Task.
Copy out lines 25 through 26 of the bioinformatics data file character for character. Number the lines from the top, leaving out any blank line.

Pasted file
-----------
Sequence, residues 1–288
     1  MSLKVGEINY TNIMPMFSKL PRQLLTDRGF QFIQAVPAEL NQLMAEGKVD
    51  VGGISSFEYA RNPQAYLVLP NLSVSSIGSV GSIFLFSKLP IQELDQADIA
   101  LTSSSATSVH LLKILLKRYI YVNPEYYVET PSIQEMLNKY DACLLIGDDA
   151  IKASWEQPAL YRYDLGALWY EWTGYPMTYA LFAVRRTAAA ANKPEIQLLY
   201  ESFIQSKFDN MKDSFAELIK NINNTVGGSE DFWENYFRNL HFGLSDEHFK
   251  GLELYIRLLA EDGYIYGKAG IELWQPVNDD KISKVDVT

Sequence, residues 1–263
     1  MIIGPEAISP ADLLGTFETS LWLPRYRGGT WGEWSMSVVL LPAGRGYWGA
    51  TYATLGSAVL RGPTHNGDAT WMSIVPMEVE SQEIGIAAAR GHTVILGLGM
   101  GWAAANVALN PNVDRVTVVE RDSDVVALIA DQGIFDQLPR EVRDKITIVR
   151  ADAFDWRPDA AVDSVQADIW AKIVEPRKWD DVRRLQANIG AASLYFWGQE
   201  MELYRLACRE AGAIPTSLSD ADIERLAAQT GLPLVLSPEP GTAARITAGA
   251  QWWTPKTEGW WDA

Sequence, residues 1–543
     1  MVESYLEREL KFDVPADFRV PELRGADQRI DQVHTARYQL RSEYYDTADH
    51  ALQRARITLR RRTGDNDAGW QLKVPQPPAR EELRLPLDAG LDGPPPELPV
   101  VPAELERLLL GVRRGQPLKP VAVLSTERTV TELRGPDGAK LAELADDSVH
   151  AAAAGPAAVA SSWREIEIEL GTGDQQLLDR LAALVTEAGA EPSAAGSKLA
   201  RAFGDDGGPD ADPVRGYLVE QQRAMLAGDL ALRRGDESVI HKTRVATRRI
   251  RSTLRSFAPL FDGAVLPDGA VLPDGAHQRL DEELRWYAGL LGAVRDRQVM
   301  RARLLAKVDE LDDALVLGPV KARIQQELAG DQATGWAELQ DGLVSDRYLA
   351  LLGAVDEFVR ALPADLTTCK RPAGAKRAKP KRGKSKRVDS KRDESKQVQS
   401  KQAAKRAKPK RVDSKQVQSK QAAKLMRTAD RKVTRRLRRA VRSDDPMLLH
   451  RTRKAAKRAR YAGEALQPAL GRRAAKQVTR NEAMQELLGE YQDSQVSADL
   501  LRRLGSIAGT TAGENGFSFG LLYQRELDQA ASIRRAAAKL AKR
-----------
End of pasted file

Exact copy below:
   451  RTRKAAKRAR YAGEALQPAL GRRAAKQVTR NEAMQELLGE YQDSQVSADL
   501  LRRLGSIAGT TAGENGFSFG LLYQRELDQA ASIRRAAAKL AKR